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Vol. 73. Issue 6.
Pages 437 (June 2020)
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Vol. 73. Issue 6.
Pages 437 (June 2020)
Atrium
DOI: 10.1016/j.rec.2020.01.001
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Atrium
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In this issue's “Into the heart of terminology”, Fernando A. Navarro delves into the meaning and origin of the word “bland”, especially in relation to the medical term “bland embolism”, which is usually translated to Spanish as embolia aséptica.

The 3 following editorials correspond to the commentaries of the Spanish Society of Cardiology working groups on the 2019 ESC guidelines on chronic coronary syndromes, the 2019 ESC guidelines on supraventricular tachycardia, and the 2019 ESC guidelines on acute pulmonary embolism. As usual, each working group presents the essential points of the corresponding guidelines, analyzes changes with respect to the preceding version, and discusses discrepancies or possible information gaps in specific areas in the documents. Both these commentaries and the Spanish translations of these 3 ESC guidelines are published in this issue as open-access articles.

Although degenerative aortic stenosis is the most common valvular heart disease, it is not clear how to identify asymptomatic patients with a normal left ventricular ejection fraction at high risk of event occurrence who would thus benefit from early intervention. In the first original article in this issue, Dobarro et al. report the results of a protocol applied to 33 patients with these characteristics. The patients underwent right heart catheterization at rest and during exercise. After a mean follow up of 27 months, 8 patients (24%) experienced an event. There were no differences in baseline variables, aortic valve area, or cardiopulmonary exercise testing parameters, pulmonary pressures, or filling pressures after peak exercise. However, the group of patients who experienced events showed lower pulmonary artery oxygen saturation on effort (median, 48% vs 57%; P=.03) which, as mentioned by the authors, could be useful to identify a subgroup of patients at higher risk. Nevertheless, this finding should be confirmed in future studies. This open-access article is accompanied by an Editor's pick video.

There is a lack of studies on the long-term prognosis of diabetic patients with heart failure by sex. In the second original article in this issue, Palau et al. prospectively study 1019 consecutive patients with heart failure with preserved ejection fraction discharged after admission for acute heart failure from a tertiary hospital. After a mean follow-up of 3.6 years, 646 patients (63.4%) died. Multivariable analysis showed a differential prognostic effect of type 2 diabetes mellitus between men and women, with diabetes being associated with a higher risk of all-cause mortality in women but not in men.

Several studies have related the presence of atrial fibrillation with a reduced estimated glomerular filtration rate. Therefore, restoration and maintenance of sinus rhythm should be associated with improved glomerular filtration. In the next original article, Macías-Ruiz et al. analyze this hypothesis in 124 patients with atrial fibrillation referred to their center for pulmonary ablation. After a 1-year follow-up, there was an overall improvement in estimated glomerular filtration rate, which was more pronounced in the subgroups without recurrences, although multivariate analysis showed no significant differences.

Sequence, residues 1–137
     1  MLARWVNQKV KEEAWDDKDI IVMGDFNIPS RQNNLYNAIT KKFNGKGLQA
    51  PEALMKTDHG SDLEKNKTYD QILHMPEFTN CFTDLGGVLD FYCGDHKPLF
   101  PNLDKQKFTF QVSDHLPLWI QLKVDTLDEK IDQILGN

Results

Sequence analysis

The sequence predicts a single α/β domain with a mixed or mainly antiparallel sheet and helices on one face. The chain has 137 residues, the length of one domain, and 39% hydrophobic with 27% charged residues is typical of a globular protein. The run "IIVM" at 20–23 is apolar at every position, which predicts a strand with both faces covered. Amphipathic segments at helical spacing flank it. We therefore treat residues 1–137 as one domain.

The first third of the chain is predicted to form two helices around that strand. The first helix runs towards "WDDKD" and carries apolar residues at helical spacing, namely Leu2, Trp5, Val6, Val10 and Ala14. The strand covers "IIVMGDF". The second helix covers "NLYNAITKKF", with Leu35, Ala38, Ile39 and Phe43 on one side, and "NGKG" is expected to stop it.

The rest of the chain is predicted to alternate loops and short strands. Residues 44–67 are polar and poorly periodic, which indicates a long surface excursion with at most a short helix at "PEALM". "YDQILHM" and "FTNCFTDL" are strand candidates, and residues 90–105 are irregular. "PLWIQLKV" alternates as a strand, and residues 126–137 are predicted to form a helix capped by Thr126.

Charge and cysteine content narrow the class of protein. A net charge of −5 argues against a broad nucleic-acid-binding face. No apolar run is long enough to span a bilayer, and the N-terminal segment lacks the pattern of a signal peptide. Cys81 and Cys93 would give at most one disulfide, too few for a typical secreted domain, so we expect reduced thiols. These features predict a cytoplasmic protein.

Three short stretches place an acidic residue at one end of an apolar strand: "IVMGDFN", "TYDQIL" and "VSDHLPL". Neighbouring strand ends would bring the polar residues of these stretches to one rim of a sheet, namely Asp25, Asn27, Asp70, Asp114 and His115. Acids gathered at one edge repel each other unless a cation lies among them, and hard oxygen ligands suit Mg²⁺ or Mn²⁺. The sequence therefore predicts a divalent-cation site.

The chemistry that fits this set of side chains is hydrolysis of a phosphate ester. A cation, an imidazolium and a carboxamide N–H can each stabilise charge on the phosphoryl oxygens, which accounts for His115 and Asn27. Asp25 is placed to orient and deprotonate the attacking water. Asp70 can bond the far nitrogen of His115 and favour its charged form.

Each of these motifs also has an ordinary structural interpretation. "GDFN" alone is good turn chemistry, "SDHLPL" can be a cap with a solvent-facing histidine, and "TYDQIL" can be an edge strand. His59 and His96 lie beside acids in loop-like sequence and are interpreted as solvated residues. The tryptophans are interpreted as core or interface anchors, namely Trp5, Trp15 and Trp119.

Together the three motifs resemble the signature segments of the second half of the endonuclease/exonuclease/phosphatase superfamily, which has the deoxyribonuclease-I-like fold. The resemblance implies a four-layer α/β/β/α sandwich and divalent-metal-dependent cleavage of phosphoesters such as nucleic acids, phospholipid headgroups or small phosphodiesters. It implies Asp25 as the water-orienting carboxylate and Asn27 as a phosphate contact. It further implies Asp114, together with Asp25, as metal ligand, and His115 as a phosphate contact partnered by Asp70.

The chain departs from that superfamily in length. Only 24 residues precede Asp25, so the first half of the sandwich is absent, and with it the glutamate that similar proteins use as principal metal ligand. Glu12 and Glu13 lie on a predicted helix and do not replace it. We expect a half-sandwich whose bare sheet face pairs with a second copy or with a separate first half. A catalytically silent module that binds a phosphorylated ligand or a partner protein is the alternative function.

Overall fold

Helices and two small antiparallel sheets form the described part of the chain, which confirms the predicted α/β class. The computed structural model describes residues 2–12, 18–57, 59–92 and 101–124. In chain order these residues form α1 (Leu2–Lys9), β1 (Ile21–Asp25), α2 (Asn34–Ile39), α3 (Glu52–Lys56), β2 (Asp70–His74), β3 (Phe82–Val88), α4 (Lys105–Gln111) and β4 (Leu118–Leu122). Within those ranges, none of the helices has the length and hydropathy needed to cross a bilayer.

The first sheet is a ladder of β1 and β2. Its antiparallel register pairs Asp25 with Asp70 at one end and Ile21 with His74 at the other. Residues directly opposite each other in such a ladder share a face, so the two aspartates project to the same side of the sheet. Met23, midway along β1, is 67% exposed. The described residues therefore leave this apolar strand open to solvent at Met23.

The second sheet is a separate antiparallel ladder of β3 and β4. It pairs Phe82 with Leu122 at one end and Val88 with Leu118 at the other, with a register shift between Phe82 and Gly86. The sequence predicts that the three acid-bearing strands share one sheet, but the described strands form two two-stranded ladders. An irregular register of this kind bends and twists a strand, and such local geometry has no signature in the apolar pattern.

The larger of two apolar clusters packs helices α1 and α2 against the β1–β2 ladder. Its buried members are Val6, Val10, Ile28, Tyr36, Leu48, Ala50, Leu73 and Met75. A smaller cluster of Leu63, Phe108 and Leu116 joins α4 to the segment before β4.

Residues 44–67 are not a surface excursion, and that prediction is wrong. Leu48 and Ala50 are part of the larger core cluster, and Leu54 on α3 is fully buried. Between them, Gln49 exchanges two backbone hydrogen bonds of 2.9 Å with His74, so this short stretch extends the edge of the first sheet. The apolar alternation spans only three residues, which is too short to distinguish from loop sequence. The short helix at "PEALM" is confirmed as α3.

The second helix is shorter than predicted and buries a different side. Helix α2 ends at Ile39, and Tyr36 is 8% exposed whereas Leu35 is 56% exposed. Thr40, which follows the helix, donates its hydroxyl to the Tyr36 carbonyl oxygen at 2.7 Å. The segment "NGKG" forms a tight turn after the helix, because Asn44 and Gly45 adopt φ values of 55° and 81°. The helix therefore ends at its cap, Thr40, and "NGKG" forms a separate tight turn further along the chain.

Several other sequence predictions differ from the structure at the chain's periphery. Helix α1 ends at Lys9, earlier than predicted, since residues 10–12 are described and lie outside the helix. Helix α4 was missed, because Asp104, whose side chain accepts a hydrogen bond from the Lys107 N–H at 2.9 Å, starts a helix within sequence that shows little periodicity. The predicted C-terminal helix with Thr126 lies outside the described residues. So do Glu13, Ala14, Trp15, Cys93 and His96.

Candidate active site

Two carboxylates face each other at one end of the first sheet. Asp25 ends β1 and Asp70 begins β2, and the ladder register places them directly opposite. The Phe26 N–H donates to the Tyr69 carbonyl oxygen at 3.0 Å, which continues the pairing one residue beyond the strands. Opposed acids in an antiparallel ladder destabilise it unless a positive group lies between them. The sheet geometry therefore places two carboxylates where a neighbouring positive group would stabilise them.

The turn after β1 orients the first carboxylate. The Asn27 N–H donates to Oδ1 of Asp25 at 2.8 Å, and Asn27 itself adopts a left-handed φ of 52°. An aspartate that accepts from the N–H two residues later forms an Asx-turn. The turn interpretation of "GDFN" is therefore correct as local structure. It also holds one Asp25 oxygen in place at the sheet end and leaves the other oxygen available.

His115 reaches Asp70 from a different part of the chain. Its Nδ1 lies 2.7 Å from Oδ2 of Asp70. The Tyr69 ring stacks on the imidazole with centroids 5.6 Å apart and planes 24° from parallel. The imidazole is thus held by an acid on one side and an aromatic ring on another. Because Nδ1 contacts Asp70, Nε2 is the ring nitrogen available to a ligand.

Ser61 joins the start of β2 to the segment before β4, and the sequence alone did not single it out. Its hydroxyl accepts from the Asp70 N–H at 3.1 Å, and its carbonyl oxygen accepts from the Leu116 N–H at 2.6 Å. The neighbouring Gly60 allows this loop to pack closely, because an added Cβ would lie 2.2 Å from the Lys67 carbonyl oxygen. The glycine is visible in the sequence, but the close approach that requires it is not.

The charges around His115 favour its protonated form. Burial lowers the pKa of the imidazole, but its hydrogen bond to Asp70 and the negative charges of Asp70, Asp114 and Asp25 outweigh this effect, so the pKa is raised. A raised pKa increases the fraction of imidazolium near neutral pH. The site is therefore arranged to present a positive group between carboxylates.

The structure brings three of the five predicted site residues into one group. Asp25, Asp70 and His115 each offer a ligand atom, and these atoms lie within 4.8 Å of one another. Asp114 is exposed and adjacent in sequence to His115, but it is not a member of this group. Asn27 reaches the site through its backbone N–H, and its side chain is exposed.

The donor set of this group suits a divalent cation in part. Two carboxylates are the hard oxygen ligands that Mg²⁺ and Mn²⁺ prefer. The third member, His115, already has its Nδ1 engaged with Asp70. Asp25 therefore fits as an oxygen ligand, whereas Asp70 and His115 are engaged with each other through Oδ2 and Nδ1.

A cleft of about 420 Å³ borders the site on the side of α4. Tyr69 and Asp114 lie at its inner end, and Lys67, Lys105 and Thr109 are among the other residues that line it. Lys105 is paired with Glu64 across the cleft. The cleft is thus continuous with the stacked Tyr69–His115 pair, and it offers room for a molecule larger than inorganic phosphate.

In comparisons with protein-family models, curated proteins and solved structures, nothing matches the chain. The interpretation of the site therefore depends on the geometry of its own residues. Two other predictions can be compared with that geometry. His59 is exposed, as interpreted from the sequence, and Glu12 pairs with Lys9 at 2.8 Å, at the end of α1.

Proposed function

In the next original article, Abu-Assi et al. use administrative data to analyze trends in mean length of stay between 2003 and 2015 among patients with uncomplicated ST-segment elevation myocardial infarction (revascularized) and the prognostic impact of short (≤ 3 days) hospital stay. The adjusted length of stay declined significantly between 2003 and 2015, and short length of stay was not an independent predictor of readmission (OR=1.10; 95%CI, 0.92-1.32) or in-hospital mortality (OR=1.94; 95% CI, 0.93-14.03), indicating that, in this population, short hospital stay is a viable option.

In the last original article in this issue, Goicolea Ruigómez et al. analyze the association between volume and outcome in coronary artery bypass grafting in the Spanish national health system, based on episodes from January 2013 to December 2015 included in the Minimum Data Set. A total of 17 335 episodes were included with a crude in-hospital mortality rate of 5.0%. Episodes attended in low-volume centers (less than 155 interventions per year) showed a 17% higher adjusted risk of in-hospital mortality, as well as a higher proportion of complications during admission. The association was verified in isolated coronary artery bypass grafting and when this procedure was combined with other types of surgery.

As always, don’t forget to take a look at the excellent images in this issue or read the letters. We also encourage you to take part in our monthly ECG Contest.

Ignacio Ferreira-González

Editor-in-chief

Copyright © 2020. Sociedad Española de Cardiología
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